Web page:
This page is intended for officials and leaders who wish to make a difference in wrestling the challenge of y2k to ensure a more positive outcome of what could be the most devastating event of our times. It should be understood that the vast majority of the population, and some visiting this page or the internet--where most y2k information resides-- haven't yet had the opportunity to assess the gravity of the y2k situation and will consider what follows to seem rather extreme or un-necessessary.
Our entire socio-economic, military-industrial-welfare complex has been computerized and therefore has y2k built in, and will not be able to function to satisfactory levels in 2000 and beyond (from the domino effect). While it is technically true that "nobody knows exactly what will happen," it is also true that we have enough information and evidence to peice together to form a strong educated guess and envision a rough, broad outline of what can be expected. A few hours of extensive study of y2k documents--which are very abundant throughout the internet--can give any intelligent person an idea of what we're up against. The hard part is trying convey the magnitude of y2k in a couple of paragraphs without avoiding sensationalist sound-bites, or convincing people not to be lulled into a sense of complacency from media reports that are eager to latch on to isolated success stories which give a misleading view of the overall situation. Getting this sunk into a community's head is the biggest hurdle. Once effective awareness has been achieved, we can move on to the serious business of risk assessment and contingency planning then action. The knowledge that y2k cannot and will not be solved on a system-wide basis should by now be clear.
Given the overwhelming similar consensus among "those in the know," and anyone who understands the systemic nature of y2k, it is prudent for those with the means and will to take action--and to do it fast.
Our current system may or may not have a chance of surviving in it's present form beyond 2000. We don't have to prepare for the worst (which could appear excessive), but we can at least prepare for a moderated version. Contingency plans can be made based on the best available evidence to determine the likelihood, extent and length of possible breakdowns and definite events threatening our way of life.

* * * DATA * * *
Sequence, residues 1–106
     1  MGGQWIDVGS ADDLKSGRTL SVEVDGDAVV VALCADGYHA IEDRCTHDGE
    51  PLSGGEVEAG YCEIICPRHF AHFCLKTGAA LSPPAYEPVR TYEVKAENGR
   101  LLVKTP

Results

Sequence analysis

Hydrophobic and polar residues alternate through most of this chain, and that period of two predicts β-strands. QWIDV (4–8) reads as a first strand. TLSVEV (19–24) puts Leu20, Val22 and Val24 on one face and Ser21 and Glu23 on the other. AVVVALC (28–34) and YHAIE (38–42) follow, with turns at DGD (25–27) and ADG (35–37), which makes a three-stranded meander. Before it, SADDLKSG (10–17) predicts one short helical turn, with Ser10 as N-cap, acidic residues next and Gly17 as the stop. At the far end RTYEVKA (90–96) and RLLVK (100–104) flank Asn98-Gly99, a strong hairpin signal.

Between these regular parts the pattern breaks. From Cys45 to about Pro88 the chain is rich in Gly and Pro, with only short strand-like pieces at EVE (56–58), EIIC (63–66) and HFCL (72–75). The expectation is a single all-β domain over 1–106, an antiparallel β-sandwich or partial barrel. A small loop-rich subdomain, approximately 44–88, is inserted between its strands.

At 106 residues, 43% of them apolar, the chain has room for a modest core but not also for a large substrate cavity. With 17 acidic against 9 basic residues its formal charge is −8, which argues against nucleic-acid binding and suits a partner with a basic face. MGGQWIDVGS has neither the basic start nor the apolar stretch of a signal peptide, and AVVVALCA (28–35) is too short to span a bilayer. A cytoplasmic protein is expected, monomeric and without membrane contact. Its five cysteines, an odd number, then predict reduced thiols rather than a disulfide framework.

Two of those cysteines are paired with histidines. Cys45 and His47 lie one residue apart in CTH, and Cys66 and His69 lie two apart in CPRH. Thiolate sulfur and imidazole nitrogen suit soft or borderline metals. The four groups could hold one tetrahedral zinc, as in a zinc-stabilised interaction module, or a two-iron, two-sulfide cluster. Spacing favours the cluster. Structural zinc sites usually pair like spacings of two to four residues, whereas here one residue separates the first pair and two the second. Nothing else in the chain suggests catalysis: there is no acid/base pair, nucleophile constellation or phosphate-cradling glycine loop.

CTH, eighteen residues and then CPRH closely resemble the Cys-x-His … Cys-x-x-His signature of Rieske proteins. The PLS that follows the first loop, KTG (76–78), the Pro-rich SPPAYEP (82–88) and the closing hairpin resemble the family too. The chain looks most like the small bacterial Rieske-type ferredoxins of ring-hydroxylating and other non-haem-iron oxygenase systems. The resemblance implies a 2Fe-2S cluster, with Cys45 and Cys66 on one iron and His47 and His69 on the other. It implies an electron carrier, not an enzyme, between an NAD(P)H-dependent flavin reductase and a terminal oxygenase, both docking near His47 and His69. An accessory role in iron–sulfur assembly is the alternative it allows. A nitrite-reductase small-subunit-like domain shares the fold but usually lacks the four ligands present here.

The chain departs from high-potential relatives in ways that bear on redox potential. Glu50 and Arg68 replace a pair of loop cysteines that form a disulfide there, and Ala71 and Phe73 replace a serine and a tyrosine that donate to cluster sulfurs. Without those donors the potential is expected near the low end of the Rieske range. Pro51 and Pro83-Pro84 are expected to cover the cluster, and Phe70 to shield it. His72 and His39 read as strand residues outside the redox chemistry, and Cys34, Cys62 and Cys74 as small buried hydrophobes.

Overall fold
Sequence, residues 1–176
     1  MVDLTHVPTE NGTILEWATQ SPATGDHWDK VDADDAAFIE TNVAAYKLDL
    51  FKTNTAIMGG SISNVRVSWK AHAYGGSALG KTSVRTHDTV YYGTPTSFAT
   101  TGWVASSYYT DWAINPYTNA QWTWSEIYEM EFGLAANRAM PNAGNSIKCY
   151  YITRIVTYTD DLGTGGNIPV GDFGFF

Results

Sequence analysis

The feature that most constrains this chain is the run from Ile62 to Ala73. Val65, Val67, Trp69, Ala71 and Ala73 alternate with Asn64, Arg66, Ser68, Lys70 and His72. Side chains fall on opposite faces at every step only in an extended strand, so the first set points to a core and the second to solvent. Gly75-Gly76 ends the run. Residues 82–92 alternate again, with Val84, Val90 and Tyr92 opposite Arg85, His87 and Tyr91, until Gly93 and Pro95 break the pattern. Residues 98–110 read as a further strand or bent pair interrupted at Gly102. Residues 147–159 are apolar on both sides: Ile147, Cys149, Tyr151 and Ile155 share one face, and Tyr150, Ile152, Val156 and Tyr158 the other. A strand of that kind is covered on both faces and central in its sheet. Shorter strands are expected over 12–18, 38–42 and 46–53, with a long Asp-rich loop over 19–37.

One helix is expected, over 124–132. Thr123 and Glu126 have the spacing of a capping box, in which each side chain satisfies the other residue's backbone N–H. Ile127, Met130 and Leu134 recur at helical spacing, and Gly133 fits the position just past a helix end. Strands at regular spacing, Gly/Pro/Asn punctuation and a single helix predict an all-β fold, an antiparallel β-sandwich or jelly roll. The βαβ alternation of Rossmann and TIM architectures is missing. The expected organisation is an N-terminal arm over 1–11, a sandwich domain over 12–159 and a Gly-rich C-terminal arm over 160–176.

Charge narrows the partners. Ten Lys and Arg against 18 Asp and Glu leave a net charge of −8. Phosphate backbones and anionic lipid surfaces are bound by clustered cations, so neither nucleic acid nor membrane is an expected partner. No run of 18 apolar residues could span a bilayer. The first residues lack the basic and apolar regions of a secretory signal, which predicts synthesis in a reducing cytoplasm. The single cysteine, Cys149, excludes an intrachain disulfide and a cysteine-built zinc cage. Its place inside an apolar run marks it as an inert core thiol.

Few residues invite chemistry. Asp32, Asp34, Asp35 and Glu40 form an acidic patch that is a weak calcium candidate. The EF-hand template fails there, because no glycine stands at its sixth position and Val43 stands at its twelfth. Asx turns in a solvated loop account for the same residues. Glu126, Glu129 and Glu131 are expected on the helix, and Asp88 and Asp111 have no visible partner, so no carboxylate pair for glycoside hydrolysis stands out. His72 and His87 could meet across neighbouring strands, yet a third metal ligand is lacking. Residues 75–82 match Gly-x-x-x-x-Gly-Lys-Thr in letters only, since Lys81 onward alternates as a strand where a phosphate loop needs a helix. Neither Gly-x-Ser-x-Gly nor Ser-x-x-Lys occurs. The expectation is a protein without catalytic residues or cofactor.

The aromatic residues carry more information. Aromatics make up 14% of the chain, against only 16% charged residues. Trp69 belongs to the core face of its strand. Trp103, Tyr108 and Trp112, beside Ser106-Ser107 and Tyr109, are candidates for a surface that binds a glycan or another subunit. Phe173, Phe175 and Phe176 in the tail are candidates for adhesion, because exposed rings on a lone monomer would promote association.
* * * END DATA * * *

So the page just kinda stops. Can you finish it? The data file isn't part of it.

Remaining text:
It is extremely probable that y2k will have a serious affect on the economy, and will most likely be a genuine depression. What we can do, however, is ease the transition to a society that will assuredly have a lower division of labor, and therefore a lower material standard of living. As a subjective analysis on the possible global effects, site has a Macro-economic thesis on y2k . The conclusions given are only the assessment of the author, and could be better...or worse.
Ultimately, some very tough choices from leaders of industry, government and military must be made whether it is in 1999 or 2000. The more we procrastinate now, the more exponentially difficult it becomes in the future.
As it is at the present, our society and economy would not simply grind to a halt in 2000, but snap to a halt. In essense, we must establish priorities; we must immediately make plans for the securement of core infrastructure, ensure food is produced and delivered to feed the public with basic water and sewage provisions met. By accepting and allowing non-compliant systems to be taken off-line, we can salvage remaining (functional) computers to be put to the most critical use. At this point in time, fixing the computers should be second or third priority. Extensive organizational contingency planning and triage must now be undertaken at corporate and governmental levels.
This will take a very cohesive--and daring-- plan to execute given the current climate of denial, lack of awareness and the perceived risk of 'panicking' the public if government and private sector were to come clean with its (true) knowledge of y2k. Keeping silent or being misleading will only increase the ultimate level of panic under speculation and conditions of shock. Let's recognize that this truly is an emergency situation, and the consequences through failure to act swiftly and responsibly will be very dire.
It is very likey that extensive governmental martial law is being quietly planned as we speak, and is probably inevitable. It will not be enough however, given the current risks which threaten our way of life. We need LEADERSHIP that is reminiscent of Patton in WWII. I am somewhat pessimistic that such strong "Blood and Guts, Give 'em Hell" leadership will surface before 2000, but it will eventually be necessary whether it is now, during, or after the crisis has unfolded. In the unique dillema of y2k, society has really only two options at this point; procrastination then panic . The middle road is the one we'de like to drive, but wisdom and history shows us otherwise. When everyone starts merging onto the freeway ramp at the same time, there is a congestion we cannot handle. We will not be able to clear the roads all at once, but with a greater national effort through planning in advance, we can at least get 'em moving faster.